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Muscle Abnormalities in Broilers

Over the past decades, broilers have been growing at an increasing rate. This is not only due to changes in their genetic composition but also through improvement of housing, nutrition and management. The increase in the breast meat weight of broilers is particularly striking. As the slaughter weight of broilers increases, in combination with the growth curve required to achieve this slaughter weight, we are seeing several muscle abnormalities which influence the quality. Robert Jan Molenaar at Royal GD discusses the main abnormalities that often only become apparent during the slaughter process.

Extract:

‘Muscle Abnormalities in Broilers’

Deep pectoral myopathy

Deep pectoral myopathy (DPM) is also known as green muscle disease. This is not a form of contagious disease, but rather a wasting of the deep pectoral muscle due to blood supply issues.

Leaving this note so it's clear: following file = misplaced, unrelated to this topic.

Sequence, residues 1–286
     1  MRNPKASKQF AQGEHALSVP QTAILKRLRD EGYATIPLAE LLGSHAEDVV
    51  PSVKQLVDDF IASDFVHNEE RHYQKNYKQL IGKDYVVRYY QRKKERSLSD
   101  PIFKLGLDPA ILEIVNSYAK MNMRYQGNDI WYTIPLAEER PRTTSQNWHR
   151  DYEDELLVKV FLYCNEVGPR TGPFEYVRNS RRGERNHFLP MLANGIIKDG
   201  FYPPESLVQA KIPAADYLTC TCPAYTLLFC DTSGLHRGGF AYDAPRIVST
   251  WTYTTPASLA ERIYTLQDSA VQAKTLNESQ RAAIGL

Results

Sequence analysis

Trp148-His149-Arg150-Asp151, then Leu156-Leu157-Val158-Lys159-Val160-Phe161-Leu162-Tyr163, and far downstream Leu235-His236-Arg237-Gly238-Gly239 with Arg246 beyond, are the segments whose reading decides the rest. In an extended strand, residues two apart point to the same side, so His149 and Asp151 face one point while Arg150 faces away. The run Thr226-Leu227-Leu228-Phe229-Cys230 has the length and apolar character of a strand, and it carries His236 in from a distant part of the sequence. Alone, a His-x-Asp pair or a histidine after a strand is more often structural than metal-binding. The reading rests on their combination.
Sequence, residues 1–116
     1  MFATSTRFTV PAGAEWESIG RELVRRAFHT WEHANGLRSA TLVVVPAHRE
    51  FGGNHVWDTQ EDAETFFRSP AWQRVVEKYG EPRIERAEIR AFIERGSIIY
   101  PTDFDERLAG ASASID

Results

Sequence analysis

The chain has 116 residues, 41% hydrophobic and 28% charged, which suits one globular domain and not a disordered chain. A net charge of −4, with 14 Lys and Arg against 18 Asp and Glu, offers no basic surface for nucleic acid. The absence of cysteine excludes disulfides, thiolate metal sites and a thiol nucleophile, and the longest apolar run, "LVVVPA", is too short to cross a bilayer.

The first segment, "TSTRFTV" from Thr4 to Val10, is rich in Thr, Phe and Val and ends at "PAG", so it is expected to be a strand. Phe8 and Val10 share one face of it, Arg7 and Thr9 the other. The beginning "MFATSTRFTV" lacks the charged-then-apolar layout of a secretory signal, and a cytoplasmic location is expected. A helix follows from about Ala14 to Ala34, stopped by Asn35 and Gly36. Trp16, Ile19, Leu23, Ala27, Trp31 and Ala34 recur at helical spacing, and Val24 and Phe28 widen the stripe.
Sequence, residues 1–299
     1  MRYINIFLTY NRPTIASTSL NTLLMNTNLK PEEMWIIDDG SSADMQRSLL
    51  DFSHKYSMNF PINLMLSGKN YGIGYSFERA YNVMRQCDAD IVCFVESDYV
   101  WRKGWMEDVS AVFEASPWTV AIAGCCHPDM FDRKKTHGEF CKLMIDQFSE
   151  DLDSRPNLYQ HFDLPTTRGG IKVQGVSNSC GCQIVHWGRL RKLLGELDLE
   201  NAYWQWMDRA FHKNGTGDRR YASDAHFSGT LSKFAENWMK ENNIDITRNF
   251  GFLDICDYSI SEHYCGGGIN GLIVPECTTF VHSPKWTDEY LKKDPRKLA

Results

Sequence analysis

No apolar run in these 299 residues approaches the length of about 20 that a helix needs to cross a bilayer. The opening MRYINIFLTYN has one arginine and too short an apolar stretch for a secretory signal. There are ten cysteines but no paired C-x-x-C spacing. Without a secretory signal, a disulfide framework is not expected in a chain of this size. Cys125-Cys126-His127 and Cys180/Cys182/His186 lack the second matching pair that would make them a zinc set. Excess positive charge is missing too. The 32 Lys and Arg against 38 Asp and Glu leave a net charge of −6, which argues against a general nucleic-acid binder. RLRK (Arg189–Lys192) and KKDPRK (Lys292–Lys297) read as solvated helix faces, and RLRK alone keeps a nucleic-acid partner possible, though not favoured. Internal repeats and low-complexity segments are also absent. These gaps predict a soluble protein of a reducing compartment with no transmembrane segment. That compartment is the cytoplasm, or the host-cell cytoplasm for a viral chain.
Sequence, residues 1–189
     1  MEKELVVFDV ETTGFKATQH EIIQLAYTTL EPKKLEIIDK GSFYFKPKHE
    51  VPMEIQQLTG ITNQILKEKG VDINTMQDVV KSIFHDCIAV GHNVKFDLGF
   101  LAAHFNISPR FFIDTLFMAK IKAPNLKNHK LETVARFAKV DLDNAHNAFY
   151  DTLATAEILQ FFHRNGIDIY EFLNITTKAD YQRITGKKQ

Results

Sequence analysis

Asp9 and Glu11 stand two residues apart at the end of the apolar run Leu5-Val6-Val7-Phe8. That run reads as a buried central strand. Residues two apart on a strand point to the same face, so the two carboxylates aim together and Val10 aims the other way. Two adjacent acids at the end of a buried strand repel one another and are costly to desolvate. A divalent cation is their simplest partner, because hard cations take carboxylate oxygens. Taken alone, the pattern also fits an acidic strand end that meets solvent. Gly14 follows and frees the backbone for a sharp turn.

How does it occur?

The deep pectoral muscle is located between the breastbone and the breast meat (the superficial pectoral muscle) and is used when chickens move their wings. Broilers are extremely muscular and this muscle therefore has little space for expansion. If the broiler flaps its wings energetically, there is extra blood supply to this muscle. This is the body’s way of ensuring that the muscle has sufficient oxygen supply and sufficient disposal of waste products. All that extra blood results in the muscle becoming temporarily expanded. When the muscle contracts, it is smaller than when in a relaxed state. If the muscle then swells excessively in this state due to the extra blood, the situation can arise whereby the muscle no longer has enough space to relax normally. The pressure will then increase to such an extent that the blood vessels around the muscle are compressed, stopping the blood from flowing out of the muscle. No new blood can be pumped in, resulting in myopathy of the muscle tissue due to a lack of oxygen and the accumulation of waste products. This may colour the muscle tissue green, hence the name green muscle disease.

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